We have not yet overcome ageism. When we talk about people who are older, we think they’re not able, don’t know what they’re talking about, or just aren’t interested in public discourse. Yet, our research tells us older women and men have very strong opinions, want to be heard and don’t want other people to talk for them. As you get older, you have just as much to say and contribute, so it’s important that you have the opportunity to do so.
5. What are some of the issues women face due to both gender and age, and why do these issues deserve greater attention?
No one has adequately explored the inequalities after age fifty. Being younger and experiencing gender inequities -- not having the right to go to school, marrying early, not having access to healthcare, or the ability to plan for a family -- can impact your life going forward. As an older woman you face many, many kinds of discriminations and those same rights are violated as an older person. And your life, your health and your environment have all been shaped by events that have happened throughout your life.
6. How do you think advocacy organizations including Women Deliver could improve on including older women in their work?
There’s a pretty common saying “You only treasure what you measure.” If you’re not measuring people over the age of 50, you’re pretty much saying “we don’t care about you.” I think the most important thing is probably to start collecting data on women over the age of 50 and collect it in disaggregated cohorts. Everyone changes throughout their lifetime. It’s important to delineate between different cohorts because needs change and without data we’re not going to know what the difference is between what’s important at fifty versus at eighty. The other thing that could be done is just including older women in the conversations and not just assuming we know their needs, but letting their voices be heard.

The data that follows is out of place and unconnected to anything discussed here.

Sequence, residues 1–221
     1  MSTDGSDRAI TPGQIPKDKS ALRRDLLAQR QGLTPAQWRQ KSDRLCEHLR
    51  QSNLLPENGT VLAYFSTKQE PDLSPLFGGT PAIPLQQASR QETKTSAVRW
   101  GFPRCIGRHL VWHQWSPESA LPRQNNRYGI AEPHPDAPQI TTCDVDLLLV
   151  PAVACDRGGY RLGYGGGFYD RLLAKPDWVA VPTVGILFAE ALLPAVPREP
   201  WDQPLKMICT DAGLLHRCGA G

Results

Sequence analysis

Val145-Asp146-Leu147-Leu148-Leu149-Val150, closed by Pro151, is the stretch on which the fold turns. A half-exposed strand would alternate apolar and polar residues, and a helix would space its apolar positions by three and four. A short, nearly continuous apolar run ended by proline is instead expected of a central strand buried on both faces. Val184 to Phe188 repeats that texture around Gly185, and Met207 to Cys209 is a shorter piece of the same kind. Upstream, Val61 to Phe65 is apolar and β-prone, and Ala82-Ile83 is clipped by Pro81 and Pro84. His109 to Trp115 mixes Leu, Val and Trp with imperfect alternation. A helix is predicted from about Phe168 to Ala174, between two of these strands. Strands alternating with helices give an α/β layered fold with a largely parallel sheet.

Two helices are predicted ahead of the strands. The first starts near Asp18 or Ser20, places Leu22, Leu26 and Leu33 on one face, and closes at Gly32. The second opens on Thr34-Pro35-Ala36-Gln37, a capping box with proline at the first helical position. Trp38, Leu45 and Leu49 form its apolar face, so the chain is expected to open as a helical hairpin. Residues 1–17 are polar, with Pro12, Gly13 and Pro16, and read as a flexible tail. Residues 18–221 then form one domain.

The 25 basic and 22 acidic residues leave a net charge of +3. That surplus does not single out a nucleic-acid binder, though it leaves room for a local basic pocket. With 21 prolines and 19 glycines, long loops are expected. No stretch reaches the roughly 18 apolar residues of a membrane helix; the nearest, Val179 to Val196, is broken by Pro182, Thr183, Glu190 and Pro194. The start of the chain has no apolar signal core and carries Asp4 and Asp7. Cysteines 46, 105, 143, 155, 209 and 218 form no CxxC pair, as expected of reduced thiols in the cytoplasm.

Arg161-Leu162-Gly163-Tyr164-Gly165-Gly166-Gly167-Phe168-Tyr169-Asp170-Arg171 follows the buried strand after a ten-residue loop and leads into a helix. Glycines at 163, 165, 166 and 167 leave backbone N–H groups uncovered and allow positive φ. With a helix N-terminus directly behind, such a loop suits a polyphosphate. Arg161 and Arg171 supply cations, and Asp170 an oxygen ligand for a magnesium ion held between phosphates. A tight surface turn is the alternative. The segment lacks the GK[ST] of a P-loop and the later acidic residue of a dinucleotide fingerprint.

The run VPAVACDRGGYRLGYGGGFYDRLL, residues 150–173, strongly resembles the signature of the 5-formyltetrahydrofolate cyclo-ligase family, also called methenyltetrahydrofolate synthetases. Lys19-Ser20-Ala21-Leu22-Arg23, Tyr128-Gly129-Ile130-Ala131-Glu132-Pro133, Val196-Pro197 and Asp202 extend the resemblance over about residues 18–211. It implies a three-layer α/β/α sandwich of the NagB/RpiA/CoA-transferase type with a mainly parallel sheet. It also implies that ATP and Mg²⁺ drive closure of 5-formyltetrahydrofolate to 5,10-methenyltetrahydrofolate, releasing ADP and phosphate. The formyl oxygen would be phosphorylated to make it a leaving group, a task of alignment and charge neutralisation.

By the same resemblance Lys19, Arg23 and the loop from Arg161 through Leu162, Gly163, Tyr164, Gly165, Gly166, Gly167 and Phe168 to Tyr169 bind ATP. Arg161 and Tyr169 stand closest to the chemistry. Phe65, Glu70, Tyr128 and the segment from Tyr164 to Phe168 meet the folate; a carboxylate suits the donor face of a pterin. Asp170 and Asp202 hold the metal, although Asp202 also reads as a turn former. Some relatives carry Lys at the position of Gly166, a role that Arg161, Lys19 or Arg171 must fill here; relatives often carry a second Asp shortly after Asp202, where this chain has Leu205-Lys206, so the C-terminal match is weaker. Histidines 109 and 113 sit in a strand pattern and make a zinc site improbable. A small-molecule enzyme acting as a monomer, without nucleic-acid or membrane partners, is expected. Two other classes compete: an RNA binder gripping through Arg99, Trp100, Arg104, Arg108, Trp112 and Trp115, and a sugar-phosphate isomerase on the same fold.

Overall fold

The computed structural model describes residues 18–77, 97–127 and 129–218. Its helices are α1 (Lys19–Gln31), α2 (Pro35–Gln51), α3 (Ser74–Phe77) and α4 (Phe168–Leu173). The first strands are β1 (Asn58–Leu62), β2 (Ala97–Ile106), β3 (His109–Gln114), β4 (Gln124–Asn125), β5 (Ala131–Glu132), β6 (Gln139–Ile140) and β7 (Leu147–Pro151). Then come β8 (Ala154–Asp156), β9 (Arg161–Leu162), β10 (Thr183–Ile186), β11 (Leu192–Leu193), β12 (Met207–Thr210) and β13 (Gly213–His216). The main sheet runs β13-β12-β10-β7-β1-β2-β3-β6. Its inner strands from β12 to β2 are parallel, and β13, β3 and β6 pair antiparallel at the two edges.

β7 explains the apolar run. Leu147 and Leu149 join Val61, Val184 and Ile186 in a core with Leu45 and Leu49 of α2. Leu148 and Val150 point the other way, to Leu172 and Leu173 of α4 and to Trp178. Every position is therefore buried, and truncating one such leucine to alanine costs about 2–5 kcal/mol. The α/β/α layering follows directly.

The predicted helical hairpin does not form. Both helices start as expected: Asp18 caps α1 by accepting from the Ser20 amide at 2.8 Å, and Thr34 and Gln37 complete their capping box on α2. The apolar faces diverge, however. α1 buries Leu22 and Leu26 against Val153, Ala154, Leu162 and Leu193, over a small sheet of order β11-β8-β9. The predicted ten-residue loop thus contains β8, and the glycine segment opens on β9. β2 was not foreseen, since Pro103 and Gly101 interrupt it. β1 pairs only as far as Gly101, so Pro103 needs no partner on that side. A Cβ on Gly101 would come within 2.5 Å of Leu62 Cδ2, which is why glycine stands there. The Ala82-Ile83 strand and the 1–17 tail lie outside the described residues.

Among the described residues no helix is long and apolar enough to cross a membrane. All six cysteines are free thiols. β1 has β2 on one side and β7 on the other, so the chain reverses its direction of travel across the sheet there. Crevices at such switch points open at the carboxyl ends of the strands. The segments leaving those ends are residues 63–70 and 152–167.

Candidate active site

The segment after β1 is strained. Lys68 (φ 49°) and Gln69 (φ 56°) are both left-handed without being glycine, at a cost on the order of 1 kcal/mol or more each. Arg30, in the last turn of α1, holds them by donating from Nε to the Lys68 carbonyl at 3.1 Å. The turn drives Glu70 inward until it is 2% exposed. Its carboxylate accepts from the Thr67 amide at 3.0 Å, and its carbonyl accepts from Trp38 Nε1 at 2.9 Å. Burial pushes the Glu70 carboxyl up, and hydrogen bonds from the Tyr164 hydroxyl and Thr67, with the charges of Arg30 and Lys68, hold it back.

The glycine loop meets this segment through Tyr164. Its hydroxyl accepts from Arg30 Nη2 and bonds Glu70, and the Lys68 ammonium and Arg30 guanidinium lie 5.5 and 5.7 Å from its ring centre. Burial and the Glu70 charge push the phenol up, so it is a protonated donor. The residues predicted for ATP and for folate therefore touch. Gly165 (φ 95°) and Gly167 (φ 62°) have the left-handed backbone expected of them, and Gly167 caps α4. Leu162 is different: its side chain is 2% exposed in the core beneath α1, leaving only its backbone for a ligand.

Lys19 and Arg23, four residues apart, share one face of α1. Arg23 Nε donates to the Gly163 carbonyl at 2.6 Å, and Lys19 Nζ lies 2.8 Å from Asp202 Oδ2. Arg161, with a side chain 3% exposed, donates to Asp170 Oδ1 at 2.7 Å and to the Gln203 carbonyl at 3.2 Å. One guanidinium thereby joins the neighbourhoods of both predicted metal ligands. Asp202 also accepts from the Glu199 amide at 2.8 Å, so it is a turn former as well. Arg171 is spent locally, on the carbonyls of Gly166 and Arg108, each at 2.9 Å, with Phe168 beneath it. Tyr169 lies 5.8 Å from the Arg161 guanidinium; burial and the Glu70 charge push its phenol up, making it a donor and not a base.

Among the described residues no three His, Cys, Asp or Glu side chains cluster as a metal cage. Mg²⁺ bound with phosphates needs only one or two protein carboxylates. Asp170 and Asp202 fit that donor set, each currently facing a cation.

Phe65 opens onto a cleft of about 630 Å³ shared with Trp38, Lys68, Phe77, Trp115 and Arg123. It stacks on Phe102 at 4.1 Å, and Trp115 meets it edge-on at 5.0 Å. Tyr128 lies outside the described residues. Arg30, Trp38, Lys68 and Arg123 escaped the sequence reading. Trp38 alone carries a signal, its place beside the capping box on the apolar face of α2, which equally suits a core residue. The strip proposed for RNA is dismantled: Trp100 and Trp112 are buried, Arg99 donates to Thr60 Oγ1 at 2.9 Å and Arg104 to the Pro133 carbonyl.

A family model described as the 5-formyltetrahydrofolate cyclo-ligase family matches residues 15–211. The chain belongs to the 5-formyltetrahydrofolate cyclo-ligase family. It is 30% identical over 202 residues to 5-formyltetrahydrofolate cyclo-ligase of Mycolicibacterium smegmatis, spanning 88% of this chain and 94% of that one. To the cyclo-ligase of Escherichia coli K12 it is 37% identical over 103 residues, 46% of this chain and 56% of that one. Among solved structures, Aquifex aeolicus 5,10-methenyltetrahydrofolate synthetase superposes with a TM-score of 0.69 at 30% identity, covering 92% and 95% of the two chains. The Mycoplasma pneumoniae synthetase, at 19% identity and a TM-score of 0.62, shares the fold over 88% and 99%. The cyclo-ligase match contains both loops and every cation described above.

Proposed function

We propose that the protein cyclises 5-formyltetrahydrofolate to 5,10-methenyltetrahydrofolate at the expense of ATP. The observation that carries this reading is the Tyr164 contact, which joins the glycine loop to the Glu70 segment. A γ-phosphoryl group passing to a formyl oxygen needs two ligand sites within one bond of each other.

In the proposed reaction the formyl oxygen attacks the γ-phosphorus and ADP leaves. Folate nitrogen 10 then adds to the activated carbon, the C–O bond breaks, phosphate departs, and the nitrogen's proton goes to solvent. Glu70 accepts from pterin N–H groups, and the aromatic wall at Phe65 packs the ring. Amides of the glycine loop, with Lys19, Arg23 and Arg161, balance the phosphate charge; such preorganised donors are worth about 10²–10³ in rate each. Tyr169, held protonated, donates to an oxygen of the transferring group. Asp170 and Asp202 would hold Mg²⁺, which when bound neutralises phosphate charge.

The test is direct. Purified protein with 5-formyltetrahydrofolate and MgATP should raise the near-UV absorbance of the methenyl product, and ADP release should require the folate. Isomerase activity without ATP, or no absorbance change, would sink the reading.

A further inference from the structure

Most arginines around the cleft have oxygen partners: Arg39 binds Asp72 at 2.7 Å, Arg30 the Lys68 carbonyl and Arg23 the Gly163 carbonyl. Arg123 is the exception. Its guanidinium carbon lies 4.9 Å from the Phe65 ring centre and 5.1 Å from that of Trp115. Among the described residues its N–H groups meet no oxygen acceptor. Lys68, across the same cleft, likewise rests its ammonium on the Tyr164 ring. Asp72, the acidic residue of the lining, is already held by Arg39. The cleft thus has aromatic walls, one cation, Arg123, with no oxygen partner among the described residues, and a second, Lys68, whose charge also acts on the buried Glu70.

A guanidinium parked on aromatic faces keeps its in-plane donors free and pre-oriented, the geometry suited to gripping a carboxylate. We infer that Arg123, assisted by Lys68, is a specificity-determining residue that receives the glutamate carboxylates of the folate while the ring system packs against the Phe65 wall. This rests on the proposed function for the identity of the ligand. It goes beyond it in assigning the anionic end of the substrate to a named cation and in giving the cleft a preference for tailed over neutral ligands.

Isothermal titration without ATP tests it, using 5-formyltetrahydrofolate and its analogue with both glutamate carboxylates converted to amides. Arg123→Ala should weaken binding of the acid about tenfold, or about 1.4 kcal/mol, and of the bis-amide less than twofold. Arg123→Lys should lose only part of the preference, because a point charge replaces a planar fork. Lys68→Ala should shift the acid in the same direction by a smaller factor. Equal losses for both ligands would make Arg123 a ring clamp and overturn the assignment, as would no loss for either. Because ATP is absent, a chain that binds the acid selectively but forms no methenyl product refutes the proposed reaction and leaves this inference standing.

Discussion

7. Why do long term sexual and reproductive health services matter to older women?
Sexual and reproductive health doesn’t stop just because you turn a certain age or go through menopause. Just as you need care for all your health needs, sexual and reproductive care should be available to everyone, regardless of how old you are.
People tend to think that older people do not or should not have these needs, and they’re discouraged or not even asked about their sexual and reproductive health after a certain age. But the reality is that they need to be. Older people are just as susceptible to sexually transmitted diseases and may not be as knowledgeable about how to protect themselves during sex.
There’s also a lot of different issues that can arise in our later years like complications from childbirth and pregnancy, things like fistula, having your uterus prolapse, or incontinence. Every human being has the right to health care – not just those under a certain age.
8. What was your biggest takeaway from the conference?
My biggest takeaway is that there are a lot of women that are fired up and ready to take their power to do good. It’s great to be empowered by others and learn about other topics, but you also have to remember at a conference like this that these are people who want to be there. There’s actually a whole bunch of people that know nothing about this conference or have opposing views. In our quest for change we have to continue to talk to broader audiences about these issues and reach them with our message.